Tannis Prouten had a severe anxiety attack that seemed to claim her life. As she explains: “I felt like ducking as the ceiling was only an inch from me, then I was outside, moving through very dark, very vast space.” She saw small, round, glowing spheres around her that she came to realise were lost souls. Before she could react, “Very rapidly I was enveloped within this most divine, living, golden-white light, my HOME. The joy, bliss, humility, awe were beyond human capability to bear. The LIGHT was an infinite, loving, accepting BEING without form. IT had personality. IT communicated with me telepathically. IT was pure TRUTH.”
As the intensity of her experience increased, she came to realise: “I was the LIGHT and the LIGHT was me. I was still a unique, separate, point of consciousness with the same sense of humour and awareness that I had always had, but the paradox is that I was MORE. I had become homogeneous with the LIGHT. I was all love, wisdom, truth, peace, joy, for all eternity. Human words fail to express this experience. Not only was the message of my true nature conveyed to me telepathically, but I experienced the SPIRIT of the message – I felt IT with every speck of my being. There was absolutely no possibility of hiding, distorting information, or lying in communicating with the LIGHT. I fell madly in love with the SPIRIT OF TRUTH! There was no concept of space or time in the GREATER REALITY. All takes place or exists in the ETERNAL NOW. That is my last conscious memory of the experience” (Atwater, 2007, 26-28).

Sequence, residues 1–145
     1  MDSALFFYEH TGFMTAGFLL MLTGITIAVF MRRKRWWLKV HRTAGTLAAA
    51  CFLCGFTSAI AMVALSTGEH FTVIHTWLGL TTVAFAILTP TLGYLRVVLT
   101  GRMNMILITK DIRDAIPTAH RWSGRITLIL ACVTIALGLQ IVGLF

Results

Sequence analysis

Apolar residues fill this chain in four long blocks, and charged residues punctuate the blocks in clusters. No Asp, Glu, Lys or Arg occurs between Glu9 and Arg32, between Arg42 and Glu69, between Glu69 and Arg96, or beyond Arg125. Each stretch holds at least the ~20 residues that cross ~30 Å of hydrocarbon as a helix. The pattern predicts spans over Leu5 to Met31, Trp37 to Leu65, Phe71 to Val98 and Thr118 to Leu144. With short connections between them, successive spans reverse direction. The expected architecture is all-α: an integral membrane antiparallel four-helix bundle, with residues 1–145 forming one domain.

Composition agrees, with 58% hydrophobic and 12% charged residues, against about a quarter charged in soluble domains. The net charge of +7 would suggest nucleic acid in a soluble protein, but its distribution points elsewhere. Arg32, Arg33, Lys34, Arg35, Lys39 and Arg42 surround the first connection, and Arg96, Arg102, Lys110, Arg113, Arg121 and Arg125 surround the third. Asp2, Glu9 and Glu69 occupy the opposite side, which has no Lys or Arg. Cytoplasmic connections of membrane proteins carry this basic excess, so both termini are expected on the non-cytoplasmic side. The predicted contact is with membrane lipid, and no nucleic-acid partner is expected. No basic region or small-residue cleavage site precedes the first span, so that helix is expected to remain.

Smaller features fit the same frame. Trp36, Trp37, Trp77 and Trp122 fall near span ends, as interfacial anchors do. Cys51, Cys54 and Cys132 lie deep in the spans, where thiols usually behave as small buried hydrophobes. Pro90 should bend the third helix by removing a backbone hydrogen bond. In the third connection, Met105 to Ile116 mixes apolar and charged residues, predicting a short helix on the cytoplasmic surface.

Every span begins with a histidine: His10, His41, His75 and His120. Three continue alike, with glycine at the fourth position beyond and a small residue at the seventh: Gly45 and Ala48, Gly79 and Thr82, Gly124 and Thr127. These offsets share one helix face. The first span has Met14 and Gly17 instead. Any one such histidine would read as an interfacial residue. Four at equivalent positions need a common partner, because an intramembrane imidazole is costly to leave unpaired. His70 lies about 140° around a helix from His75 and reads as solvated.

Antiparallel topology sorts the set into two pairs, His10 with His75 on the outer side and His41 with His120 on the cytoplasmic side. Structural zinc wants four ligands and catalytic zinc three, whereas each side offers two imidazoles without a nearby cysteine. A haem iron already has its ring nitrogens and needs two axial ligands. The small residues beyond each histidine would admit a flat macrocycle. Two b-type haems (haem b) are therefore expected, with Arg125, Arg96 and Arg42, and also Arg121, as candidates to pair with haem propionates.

Neath-Death Experiences that challenge accepted notions
Many near-death episodes are like these last two, seeming to counter the idea of biblical, religious, medieval, or even mythological traditions of an afterlife that features core imagery basic to the spread of culture and consensus throughout the human family. We have a long history of such commonalties especially in regards to death, the greatest of all mysteries, and what happens to us after we die. Findings in the field of near-death studies, though, are beginning to challenge not only traditional but non-traditional beliefs as well. Maybe there’s more to learn from our shared histories than what we thought.